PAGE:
Also: Amazon’s HQ2 search was about specialized talent, and New York’s small businesses hope for a lifeline.

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What We’re Following

Throughlines: Watching Border Patrol agents fire tear gas at San Diego-Tijuana border crossings this Thanksgiving might have felt like the Trump administration crossing another line in pursuing its aggressive immigration policies. But militarization at the U.S.-Mexico border has parallels to intensifying police militarization in U.S. cities over the past three to four decades. As the border security apparatus has grown, so have local police departments with military-grade weapons and surveillance tools.

Some scholars argue that America’s urban areas have long been “borderlands,” where police patrol established color lines in cities. “We’re seeing the failed policies of the War on Drugs played out in an immigration context,” says one sociologist. “These are things that have already been playing out for black and Latinx families under mass incarceration policies.”

Today on CityLab, Tanvi Misra reports: What Border Violence and Urban Policing Have in Common

Attention New York readers: Next Thursday we’re co-hosting “Housing Tomorrow’s City,” an event at the Museum of the City of New York that will explore five proposals on how to reframe housing in the wake of the affordability crisis. CityLab’s Kriston Capps will moderate the discussion. Get your tickets here.

Andrew Small


More on CityLab

Amazon’s HQ2 Search Was About Specialized Talent

Amazon chose Long Island City and Crystal City based on talent. But talent isn’t generic: The search for HQ2 was about particular types of it.

Richard Florida

New York’s Small Businesses See a Glimmer of Hope Against Rising Rents

Leaders at the city and state levels say they’re prepared to address the closure of mom-and-pop shops, but some key hurdles may stand in the way.

Karen Loew

Experience the Joy and Pain of Chicago Transit, in a Card Game

LOOP is both a card game and a tribute to the city’s famous L trains.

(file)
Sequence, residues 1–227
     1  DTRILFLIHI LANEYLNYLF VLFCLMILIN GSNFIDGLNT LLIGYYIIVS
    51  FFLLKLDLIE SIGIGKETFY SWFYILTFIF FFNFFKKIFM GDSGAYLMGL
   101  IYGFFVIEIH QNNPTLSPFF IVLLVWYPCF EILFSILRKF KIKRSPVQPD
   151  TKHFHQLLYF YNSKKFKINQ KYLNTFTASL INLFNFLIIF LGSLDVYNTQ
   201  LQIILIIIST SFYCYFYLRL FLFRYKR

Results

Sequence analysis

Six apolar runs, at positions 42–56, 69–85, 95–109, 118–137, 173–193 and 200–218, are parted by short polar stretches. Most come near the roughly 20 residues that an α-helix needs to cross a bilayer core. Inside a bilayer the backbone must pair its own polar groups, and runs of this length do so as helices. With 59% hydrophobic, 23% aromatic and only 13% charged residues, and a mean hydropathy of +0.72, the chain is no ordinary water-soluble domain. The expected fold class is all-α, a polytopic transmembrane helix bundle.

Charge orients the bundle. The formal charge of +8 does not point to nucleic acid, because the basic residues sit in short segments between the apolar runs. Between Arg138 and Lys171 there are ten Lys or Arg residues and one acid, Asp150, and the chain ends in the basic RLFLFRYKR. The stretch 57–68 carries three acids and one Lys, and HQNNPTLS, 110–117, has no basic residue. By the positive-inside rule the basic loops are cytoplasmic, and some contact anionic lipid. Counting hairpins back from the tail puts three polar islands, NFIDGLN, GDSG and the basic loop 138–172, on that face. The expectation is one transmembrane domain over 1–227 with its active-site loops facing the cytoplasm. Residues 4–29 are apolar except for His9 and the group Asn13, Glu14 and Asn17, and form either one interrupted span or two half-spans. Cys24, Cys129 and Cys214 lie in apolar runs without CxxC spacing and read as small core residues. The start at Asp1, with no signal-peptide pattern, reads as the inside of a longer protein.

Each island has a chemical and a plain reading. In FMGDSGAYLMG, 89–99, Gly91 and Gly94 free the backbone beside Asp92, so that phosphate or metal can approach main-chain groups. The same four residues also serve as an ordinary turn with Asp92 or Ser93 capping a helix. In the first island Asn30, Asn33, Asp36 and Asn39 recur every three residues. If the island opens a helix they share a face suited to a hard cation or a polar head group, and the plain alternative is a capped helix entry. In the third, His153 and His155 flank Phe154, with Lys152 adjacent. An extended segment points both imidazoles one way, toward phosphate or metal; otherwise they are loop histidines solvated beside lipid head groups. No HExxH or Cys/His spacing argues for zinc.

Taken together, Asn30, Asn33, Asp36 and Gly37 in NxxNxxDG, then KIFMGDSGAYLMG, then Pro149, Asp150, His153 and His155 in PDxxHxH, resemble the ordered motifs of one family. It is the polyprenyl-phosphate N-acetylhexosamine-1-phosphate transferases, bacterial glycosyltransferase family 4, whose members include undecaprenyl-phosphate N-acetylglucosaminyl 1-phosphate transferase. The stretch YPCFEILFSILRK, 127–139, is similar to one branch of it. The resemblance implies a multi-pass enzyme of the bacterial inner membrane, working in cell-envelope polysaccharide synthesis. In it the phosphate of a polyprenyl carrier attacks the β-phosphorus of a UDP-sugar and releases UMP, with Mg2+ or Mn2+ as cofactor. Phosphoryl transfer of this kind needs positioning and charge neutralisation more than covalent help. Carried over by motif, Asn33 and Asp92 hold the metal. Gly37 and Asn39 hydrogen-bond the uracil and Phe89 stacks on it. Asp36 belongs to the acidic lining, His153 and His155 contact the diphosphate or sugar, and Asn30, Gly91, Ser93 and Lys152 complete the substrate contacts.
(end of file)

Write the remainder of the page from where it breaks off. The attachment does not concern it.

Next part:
Claire Tran

America’s Epidemic of Empty Churches

Between 6,000 and 10,000 churches die in the U.S. every year, and many are sitting on prime real estate.

Jonathan Merritt

Parents, Have You Lived Without a Car? Tell Us Your Stories.

We want to hear about getting around car-free in your city.

CityLab


What’s in a Home

Elisabeth Grambrell looks over a fence at her home in Gerlach, Nevada. (Katy Grannan / The California Sunday Magazine)

From tent cities to wildfires, the West has been grappling this year with what it means to feel at home. This week, the first all-photography issue of California Sunday explores that sense of place. The magazine sent photographers across the region to ask people where they feel most at home. Accompanied by audio interviews, people share their experiences living in homes that range from chateau-like houses to trailer communes. While city dwellers in Seattle and Los Angeles pack into small apartments, we also get a more abstract sense of home with the wide open spaces of Alaska, Utah, Washington, Oregon, Nevada, and New Mexico.

The whole issue is pretty remarkable, with stories about border commuters, rent strikers, and roommate auditions. There are also stories with gripping photos from places we’ve covered in the West before such as the gentrification fights in Boyle Heights or the memory town in Chula Vista.


What We’re Reading

Airbnb will start designing houses in 2019 (Fast Company)

Needle exchanges help combat the opioid crisis. But officials keep shutting them down (Vox)

New York City wants to end its classist e-bike policy (Vice)

Send a Brutalist holiday card to the concrete lover in your life (Curbed)


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